Trout Unlimited’s conservation strategy is: Protect, Reconnect, Restore, Sustain.


Sometimes the best way to help a place is to leave it alone.  In areas with intact habitat and healthy populations of wild trout, TU advocates for responsible use and lasting protection.  The chapter has partnered with the Heritage Conservancy to permanently protect a streamside property in the Cooks Creek Watershed, Bucks County’s largest coldwater watershed, with a conservation easement.


A trout’s ability to migrate, to move upstream or downstream, in response to changing conditions often determines its ability to survive.  The chapter completed a dam removal on Watson Creek in 2009, resulting in improved fish passage, especially giving trout access to cooler water temperatures and higher quality spawning habitat in upstream reaches.


Even if all intact habitat is protected it still would not be enough to ensure healthy populations of wild trout.  Reclaiming habitat that has been lost due to development and incompatible land use is critical if we expect to have robust wild trout populations in the future.  Chapter members have completed numerous stream projects that restore habitat for wild trout.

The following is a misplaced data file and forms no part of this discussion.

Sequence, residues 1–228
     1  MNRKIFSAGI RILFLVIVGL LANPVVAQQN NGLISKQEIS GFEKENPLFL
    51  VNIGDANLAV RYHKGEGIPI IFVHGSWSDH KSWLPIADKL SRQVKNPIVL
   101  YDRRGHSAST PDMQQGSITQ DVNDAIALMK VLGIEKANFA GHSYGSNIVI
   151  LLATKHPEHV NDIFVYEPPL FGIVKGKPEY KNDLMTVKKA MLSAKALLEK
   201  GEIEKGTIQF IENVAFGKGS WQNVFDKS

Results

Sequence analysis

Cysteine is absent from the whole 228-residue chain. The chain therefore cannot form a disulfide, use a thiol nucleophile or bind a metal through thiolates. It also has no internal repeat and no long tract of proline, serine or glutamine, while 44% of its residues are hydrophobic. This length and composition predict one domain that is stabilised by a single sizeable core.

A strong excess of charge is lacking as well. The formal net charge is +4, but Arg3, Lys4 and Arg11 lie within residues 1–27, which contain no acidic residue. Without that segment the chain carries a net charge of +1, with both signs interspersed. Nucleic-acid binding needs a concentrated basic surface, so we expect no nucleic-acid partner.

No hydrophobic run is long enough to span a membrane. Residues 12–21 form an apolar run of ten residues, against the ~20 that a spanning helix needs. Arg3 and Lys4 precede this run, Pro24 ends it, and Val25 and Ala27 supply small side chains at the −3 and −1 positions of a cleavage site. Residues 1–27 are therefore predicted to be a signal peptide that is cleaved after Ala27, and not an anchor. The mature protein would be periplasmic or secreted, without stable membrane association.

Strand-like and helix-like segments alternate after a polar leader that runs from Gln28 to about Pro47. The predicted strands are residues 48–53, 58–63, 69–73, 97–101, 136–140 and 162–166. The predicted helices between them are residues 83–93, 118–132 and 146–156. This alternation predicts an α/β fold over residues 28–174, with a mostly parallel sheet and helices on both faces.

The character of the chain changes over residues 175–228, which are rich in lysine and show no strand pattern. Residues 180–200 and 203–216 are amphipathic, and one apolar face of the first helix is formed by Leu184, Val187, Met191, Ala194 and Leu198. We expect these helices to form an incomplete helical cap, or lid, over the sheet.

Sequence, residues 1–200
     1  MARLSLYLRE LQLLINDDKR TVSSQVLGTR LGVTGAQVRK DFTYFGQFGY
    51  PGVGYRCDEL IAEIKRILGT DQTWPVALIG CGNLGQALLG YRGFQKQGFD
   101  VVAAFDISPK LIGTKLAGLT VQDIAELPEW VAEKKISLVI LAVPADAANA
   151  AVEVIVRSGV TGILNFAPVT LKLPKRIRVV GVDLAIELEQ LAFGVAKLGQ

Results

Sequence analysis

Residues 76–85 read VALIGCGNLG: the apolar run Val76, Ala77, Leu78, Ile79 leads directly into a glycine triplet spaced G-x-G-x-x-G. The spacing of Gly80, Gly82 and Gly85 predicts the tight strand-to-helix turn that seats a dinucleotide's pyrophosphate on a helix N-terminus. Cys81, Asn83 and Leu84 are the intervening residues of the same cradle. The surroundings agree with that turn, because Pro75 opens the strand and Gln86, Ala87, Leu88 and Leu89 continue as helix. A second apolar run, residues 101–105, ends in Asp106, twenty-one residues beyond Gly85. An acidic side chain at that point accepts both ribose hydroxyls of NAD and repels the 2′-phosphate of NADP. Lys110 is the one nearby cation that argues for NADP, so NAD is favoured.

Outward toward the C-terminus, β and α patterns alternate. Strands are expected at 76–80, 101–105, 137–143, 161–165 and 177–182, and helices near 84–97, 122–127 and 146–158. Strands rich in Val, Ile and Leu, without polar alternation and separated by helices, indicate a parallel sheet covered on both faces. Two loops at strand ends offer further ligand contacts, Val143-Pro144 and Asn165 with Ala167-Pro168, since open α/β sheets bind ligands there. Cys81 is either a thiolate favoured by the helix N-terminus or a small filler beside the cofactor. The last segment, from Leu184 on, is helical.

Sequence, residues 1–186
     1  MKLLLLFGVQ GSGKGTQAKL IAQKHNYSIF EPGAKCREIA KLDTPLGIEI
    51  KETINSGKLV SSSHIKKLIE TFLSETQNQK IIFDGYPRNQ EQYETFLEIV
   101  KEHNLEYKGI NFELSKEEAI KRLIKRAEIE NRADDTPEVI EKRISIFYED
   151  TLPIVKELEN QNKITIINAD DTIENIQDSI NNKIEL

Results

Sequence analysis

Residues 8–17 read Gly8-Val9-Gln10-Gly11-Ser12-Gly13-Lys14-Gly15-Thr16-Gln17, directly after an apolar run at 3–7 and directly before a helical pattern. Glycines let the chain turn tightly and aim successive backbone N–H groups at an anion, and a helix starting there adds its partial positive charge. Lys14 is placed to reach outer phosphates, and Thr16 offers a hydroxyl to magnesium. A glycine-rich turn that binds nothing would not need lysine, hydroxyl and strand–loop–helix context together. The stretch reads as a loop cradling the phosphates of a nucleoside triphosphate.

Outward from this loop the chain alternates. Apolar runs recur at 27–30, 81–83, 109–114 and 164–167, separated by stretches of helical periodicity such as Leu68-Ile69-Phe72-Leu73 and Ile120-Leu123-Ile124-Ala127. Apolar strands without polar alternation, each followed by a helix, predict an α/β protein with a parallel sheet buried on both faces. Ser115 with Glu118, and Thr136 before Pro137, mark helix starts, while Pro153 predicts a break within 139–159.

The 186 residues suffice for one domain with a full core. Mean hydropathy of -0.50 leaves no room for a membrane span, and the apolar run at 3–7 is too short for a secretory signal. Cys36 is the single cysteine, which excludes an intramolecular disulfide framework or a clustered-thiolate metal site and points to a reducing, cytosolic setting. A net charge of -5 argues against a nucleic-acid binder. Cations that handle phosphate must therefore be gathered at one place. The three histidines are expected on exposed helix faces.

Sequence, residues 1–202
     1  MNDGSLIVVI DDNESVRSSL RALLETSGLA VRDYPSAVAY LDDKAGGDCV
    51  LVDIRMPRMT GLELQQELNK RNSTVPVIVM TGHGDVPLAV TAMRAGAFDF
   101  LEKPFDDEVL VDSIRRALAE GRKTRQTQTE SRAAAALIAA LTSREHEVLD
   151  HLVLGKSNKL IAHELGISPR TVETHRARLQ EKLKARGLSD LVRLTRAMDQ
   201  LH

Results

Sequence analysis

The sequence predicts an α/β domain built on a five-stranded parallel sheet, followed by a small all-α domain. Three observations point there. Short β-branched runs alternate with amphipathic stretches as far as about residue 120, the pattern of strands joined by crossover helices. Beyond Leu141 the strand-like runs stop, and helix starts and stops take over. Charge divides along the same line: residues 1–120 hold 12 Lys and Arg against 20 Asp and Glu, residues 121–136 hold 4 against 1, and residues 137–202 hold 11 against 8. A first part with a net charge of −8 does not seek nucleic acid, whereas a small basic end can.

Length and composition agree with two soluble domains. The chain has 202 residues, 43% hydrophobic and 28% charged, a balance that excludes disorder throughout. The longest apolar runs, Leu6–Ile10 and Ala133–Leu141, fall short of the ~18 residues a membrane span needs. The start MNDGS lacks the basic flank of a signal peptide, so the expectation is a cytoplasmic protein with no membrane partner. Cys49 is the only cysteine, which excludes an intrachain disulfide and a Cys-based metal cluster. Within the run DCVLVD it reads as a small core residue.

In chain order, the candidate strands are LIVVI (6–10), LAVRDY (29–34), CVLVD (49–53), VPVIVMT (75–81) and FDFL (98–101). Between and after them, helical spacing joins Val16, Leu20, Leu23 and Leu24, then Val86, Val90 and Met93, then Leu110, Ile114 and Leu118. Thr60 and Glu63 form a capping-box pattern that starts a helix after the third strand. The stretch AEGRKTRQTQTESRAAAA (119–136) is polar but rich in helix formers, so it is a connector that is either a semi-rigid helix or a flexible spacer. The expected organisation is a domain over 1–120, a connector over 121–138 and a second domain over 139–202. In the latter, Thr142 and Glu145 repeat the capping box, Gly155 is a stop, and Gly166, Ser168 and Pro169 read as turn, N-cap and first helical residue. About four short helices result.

If we don’t empower and inspire others, especially children, to continue our conservation work in the future, all of our efforts today may not matter.  The chapter works with several area schools on the Trout in the Classroom program to educate and inspire the next generation of stream conservationists.

Bucks County Trout Unlimited has active, ongoing conservation efforts in all three of our largest coldwater watersheds, Cooks Creek, Mill Creek and Aquetong Creek.

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